Four flatstones (possibly with some captives, possibly with a cap instead of one of the flats) arranged in a square are called a citadel, and it’s a strong defensive structure. If the opponent captures one corner, not only is it protected by two neighbors, but often such a capture won’t even interrupt the road that goes through the citadel. For example, in the screenshot below, it doesn’t matter if black takes c2 or d3, and d1 and c3 are both well-protected.
However, there are also cases where a citadel can be used offensively to great effect. Behold:
It’s white’s turn to move, but there’s nothing to do — black has won this game. This is perhaps not immediately obvious, so let’s go through some of the options white has.
White takes b1, black immediately recaptures with 2c1<. The situation remains mostly unchanged.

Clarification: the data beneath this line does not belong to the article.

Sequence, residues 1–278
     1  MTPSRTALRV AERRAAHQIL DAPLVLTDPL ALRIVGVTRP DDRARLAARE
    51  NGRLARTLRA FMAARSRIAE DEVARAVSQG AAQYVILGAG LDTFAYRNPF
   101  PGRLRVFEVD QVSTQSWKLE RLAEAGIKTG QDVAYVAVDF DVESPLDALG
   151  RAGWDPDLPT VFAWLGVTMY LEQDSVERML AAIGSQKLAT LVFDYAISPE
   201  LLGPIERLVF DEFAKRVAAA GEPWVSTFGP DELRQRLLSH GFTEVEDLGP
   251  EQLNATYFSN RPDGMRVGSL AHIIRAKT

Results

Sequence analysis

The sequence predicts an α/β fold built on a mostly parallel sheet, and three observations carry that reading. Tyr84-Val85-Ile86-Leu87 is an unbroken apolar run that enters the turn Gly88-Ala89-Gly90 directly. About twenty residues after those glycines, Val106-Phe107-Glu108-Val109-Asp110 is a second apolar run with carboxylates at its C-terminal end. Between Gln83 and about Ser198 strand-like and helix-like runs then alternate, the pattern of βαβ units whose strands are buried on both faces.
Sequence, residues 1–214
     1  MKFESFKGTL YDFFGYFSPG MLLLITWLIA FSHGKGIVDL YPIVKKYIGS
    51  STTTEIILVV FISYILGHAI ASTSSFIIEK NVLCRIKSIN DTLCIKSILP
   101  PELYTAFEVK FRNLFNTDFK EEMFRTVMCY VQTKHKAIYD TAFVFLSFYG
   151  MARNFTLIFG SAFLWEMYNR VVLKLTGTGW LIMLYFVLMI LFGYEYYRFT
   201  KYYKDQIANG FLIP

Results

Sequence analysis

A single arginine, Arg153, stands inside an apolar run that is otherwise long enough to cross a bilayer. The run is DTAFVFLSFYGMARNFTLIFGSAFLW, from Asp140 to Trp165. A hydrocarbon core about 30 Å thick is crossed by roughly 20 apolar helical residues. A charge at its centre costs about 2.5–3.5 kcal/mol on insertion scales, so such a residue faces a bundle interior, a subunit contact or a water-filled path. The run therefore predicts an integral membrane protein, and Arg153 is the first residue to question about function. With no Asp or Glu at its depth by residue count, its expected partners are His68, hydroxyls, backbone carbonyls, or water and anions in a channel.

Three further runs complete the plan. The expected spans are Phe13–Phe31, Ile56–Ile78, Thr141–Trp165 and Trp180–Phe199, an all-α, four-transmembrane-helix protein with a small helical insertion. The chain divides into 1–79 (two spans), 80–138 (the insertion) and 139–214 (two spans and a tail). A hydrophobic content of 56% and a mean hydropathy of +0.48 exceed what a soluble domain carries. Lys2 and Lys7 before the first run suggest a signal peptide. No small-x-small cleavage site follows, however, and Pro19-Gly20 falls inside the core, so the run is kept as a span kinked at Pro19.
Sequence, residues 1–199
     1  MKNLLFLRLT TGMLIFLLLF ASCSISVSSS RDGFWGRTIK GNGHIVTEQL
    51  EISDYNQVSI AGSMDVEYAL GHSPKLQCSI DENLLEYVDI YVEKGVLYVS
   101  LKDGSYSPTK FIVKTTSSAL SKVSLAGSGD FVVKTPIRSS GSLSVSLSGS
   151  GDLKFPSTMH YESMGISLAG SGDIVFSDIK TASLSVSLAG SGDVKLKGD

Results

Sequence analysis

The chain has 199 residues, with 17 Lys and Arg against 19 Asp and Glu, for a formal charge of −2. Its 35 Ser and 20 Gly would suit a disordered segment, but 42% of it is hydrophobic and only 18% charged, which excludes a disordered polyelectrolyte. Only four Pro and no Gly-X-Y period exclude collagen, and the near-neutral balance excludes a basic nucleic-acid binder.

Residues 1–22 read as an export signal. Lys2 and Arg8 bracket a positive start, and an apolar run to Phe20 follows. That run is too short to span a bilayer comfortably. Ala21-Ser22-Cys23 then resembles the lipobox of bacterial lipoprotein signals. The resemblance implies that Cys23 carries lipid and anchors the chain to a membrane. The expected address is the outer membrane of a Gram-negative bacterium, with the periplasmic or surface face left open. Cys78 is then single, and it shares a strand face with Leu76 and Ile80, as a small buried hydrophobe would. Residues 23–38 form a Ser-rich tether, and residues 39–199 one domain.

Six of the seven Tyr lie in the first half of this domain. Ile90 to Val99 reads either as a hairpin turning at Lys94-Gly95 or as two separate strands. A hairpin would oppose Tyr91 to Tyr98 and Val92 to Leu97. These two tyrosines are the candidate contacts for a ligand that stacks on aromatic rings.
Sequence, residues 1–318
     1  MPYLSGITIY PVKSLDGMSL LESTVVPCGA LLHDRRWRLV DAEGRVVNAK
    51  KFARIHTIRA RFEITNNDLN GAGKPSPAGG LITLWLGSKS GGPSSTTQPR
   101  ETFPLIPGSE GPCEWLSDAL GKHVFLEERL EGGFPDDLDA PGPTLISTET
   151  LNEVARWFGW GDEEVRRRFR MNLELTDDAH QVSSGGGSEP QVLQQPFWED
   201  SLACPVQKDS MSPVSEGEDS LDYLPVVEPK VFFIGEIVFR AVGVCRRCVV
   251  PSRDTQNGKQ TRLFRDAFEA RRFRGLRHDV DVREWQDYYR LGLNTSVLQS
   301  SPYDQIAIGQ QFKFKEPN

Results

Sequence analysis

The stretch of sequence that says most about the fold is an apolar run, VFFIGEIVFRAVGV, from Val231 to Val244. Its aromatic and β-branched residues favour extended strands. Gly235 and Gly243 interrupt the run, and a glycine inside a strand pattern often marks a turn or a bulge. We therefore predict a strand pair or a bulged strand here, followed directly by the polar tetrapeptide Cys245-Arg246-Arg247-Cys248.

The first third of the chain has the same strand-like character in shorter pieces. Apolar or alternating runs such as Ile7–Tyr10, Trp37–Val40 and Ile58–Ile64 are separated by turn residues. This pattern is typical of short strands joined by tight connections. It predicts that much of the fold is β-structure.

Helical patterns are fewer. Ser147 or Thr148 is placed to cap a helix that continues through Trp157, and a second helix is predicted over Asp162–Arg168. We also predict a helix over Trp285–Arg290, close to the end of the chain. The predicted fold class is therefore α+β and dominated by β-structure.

White takes d1, but there’s a citadel, so black places at e3 and wins.
White takes d2, black plays 2d1+, recapturing d2. Black now wants to place on either e2 or e3, which means white can’t block it with a wall, and he can’t take any important pieces.
White places a wall, black plays d4 and wins
White takes d3 with his capstone, and this is where the citadel really shines. Black responds with 2d1>, giving us this board:
Let’s go through white’s options again.
- b2- is just as useless as before.
- 2d3- or e1<
White takes d2, black plays on d1 and win
White takes e1, black plays e2 and wins
White places a wall on d1, black plays e1+ and wins
And that’s really it. So, in conclusion, if you can get a citadel right next to an edge, you probably own that edge.
The game that these examples are taken from was between me and ShlktBot, and can be seen in full here.